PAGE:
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Stinging Nettles and the Best Ways to Eat Them

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Every week we get Down & Dirty, in which we break down our favorite unique seasonal fruits, vegetables, and more.

Today: Cardoons aren’t the only vegetable with built-in armor. Meet a green that can put up a fight.

Stinging Nettles and How to Eat Them, from Food52

Like some of our other vegetal friends, stinging nettles are considered a weed, and in some areas, not just a weed, but an invasive species. Livestock consider it unpalatable. Oh that that “stinging” bit? The little spines or hairs (1, below) found on the plant’s stems and underside of the leaves are very irritating to human skin. If you brush up against them, expect an intense burning sensation (and maybe welts), thanks to toxins like formic acid, which you might be familiar with if you’ve ever met a fire ant. Why are we suggesting you eat this for dinner? As Michael Ruhlman says, “There’s a visceral pleasure to eating dangerous or forbidden food.” Plus they taste good, and are nutritional powerhouses -- so you should get to know your new favorite superfood.

More: If you have a few bunches of stinging nettles, you’re well on your way to 5 dinners

Like chickweed, you can (responsibly) forage for stinging nettles, but don’t harvest nettles (or anything, really) near a well-traveled road (unless you’re going for an essence of exhaust fumes). You’re looking for the young nettles, ideally just the top bits of plants (2, below) that are less than knee high. Hugh Fearnley-Whittingstall offers further specifics, and suggests that you pick only the top 4 to 6 leaves, and he mentions not to eat stinging nettles once they begin to form flowers, because by then they’ve become “coarse and hoary.” If you miss out on perfect specimens right now, not to worry -- the plants will produce fresh growth again later in the summer. Or visit your neighborhood farmers market and pick up a bag: We’ll never tell.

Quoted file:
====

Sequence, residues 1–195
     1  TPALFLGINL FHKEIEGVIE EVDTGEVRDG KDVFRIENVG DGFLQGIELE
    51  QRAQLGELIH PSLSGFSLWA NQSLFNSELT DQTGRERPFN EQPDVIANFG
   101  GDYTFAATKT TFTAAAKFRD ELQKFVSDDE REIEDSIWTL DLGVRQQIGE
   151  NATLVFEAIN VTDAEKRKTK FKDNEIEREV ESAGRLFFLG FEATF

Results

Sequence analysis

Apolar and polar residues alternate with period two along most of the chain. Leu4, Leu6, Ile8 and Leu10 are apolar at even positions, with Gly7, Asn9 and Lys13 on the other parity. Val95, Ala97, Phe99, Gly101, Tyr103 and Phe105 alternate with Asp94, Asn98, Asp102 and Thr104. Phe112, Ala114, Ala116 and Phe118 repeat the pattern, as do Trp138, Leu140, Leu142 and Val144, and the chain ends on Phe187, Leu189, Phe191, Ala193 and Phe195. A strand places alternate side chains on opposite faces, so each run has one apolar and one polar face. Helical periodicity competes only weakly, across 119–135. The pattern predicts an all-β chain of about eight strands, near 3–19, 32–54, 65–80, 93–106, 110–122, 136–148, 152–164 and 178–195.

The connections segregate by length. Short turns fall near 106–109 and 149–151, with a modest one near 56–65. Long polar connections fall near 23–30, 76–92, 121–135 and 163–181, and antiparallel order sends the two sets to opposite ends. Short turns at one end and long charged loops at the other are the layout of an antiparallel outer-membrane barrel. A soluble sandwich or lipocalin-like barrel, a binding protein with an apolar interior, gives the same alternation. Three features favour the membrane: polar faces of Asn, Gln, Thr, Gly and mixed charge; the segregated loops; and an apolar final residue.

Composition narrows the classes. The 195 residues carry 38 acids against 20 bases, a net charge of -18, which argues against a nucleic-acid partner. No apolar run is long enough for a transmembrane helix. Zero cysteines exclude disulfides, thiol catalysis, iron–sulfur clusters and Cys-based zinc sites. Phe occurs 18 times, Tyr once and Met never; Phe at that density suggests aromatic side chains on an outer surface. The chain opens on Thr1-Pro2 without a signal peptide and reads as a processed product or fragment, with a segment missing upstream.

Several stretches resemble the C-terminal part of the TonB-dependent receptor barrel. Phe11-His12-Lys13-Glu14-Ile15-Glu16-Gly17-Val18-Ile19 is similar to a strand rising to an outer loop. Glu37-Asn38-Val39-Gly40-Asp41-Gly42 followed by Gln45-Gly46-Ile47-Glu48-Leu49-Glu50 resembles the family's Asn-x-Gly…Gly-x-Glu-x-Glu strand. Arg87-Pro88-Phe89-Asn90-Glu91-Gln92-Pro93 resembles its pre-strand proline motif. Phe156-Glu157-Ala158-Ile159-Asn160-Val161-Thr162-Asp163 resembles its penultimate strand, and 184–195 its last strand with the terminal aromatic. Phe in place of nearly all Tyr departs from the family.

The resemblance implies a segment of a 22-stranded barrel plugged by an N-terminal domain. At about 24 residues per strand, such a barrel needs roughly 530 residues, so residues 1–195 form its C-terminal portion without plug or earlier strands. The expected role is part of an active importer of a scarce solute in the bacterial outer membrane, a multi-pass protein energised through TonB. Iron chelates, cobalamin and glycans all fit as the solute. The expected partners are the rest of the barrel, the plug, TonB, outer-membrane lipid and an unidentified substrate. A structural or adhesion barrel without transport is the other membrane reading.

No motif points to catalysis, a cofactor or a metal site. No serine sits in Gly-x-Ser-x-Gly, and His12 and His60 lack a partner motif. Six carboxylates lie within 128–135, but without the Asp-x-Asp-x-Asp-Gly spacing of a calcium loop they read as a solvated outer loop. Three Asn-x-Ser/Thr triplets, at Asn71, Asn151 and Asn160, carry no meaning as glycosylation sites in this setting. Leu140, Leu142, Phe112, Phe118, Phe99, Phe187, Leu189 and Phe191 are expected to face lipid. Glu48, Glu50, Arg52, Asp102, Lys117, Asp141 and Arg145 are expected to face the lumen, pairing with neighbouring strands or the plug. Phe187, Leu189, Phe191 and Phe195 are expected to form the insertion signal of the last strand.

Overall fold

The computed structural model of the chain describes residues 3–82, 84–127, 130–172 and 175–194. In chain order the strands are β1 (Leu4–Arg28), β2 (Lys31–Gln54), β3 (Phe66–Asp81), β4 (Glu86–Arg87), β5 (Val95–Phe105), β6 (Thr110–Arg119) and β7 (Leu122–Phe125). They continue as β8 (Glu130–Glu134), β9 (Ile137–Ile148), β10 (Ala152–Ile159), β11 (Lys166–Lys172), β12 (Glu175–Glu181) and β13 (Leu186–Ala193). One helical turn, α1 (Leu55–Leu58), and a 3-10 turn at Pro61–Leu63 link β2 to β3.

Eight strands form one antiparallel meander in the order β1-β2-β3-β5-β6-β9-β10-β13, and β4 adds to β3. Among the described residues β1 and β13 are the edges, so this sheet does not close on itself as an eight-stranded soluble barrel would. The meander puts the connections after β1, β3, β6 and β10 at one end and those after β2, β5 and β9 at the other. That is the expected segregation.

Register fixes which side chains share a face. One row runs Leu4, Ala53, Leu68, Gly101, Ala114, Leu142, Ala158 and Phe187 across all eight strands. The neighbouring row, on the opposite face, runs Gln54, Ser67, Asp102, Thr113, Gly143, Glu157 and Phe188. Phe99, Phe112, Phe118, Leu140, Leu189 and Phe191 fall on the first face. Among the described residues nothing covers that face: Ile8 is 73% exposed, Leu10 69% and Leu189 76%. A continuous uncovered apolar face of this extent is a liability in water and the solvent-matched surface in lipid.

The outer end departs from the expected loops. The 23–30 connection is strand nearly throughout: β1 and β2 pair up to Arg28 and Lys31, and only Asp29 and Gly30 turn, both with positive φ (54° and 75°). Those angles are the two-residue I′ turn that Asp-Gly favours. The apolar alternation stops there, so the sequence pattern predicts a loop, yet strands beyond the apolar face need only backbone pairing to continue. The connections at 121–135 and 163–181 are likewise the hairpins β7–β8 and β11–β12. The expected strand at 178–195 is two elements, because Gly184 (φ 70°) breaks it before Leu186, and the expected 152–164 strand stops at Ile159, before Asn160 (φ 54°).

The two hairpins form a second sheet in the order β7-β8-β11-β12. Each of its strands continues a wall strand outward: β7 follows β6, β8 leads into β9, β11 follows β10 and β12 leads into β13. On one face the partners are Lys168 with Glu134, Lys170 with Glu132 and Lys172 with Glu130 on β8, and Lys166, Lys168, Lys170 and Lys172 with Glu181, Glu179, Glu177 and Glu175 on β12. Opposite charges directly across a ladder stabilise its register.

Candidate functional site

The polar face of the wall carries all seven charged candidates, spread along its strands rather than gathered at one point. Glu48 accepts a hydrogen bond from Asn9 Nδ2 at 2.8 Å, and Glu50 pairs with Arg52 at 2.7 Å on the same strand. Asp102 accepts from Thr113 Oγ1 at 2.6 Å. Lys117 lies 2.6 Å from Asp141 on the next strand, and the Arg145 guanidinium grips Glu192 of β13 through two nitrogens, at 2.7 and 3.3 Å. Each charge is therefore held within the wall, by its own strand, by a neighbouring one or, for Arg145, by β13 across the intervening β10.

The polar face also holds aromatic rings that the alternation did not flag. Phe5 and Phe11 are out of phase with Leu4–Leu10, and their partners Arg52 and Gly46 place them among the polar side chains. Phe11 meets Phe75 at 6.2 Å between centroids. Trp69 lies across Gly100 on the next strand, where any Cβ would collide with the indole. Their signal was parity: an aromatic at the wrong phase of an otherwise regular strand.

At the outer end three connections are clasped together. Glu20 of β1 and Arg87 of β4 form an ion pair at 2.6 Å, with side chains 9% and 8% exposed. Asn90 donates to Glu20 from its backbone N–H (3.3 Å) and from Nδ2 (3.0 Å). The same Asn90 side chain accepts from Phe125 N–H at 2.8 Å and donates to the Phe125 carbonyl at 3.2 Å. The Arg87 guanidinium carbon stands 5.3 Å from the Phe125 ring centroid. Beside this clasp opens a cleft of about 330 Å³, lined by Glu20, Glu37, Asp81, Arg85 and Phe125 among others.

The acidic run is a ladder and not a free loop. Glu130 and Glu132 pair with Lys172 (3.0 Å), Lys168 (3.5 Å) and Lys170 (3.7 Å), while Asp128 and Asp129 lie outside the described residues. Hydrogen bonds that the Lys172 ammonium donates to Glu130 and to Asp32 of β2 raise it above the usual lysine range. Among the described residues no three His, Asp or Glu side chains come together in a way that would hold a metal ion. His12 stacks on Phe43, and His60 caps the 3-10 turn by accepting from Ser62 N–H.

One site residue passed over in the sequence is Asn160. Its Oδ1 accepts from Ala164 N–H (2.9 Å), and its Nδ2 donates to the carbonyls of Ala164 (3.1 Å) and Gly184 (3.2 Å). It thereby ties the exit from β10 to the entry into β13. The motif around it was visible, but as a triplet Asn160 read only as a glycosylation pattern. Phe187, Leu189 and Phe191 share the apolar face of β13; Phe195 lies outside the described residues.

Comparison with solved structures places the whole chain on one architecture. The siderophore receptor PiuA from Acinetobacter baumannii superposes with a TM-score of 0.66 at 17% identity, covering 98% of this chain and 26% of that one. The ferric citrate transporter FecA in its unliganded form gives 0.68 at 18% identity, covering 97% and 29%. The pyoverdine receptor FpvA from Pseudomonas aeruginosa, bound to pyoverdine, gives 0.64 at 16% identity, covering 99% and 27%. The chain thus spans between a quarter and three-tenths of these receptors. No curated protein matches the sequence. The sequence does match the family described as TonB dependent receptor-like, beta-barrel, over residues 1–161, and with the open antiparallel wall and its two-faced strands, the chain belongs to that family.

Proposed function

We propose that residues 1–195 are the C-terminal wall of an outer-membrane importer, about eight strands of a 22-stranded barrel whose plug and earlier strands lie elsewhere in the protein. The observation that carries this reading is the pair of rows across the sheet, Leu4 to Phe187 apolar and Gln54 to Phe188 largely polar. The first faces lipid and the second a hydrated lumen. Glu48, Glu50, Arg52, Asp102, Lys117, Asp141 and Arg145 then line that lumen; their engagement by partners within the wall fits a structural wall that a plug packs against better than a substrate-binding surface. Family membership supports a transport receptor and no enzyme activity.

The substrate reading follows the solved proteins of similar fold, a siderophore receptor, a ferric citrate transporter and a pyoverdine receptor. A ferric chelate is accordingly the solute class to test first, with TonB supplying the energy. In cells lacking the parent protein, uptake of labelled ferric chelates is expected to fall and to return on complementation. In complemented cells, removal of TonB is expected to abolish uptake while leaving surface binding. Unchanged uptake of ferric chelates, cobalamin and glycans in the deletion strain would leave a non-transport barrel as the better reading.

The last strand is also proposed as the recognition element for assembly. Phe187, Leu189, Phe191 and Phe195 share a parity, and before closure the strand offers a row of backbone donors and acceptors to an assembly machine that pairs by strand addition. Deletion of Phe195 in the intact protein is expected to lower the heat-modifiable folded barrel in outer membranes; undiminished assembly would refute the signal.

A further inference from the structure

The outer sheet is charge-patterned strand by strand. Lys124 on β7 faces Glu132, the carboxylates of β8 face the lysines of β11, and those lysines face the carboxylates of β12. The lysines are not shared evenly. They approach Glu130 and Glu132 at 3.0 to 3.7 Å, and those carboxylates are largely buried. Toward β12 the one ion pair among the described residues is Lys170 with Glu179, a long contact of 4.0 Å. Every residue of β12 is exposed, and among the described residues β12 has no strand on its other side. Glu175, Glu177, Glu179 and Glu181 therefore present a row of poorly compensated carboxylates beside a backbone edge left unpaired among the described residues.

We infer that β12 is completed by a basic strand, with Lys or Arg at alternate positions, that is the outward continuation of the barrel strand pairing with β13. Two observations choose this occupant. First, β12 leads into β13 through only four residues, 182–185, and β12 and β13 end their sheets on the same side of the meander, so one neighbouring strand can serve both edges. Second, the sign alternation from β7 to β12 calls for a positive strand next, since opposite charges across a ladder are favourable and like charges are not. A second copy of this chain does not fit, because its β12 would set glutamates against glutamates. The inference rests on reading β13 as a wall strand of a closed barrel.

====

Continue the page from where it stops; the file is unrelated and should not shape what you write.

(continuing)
Stinging Nettles and How to Eat Them, from Food52

To prep your nettles, Hank Shaw recommends blanching in water that tastes like the sea, shocking them in an ice bath, then draining and drying them. (Don’t forget the gloves when you’re handling them -- but once cooked, their stinging powers are wiped out.) From there, you can freeze some for a taste of spring later on, or you can use them for dinner tonight:

Main Dishes
It seems like a vegetable cliché, but you can use your cooked nettles anywhere you'd use spinach. Try stinging nettles in pasta, either as a filling, or right in the dough. Use stinging nettles in spanakopita or a soup. Go for asparagus benedict on quinoa nettle cakes or use them to top a pizza like Chad Robertson does in Tartine Bread

Sauces and Sides
Served stinging nettles creamed, in a gratin, or simply sautéed with butter, salt, and pepper. You already know you can turn almost any greens into pesto, and stinging nettles are no exception. Try stinging nettle salsa verde, or for extra credit, uses stinging nettles to make vegetarian-friendly rennet, and then make your own cheese. 

Tell us: How do you like to use stinging nettles?

Photos by James Ransom

Tags: Sustainability, Ingredients, Down and Dirty, Diagrams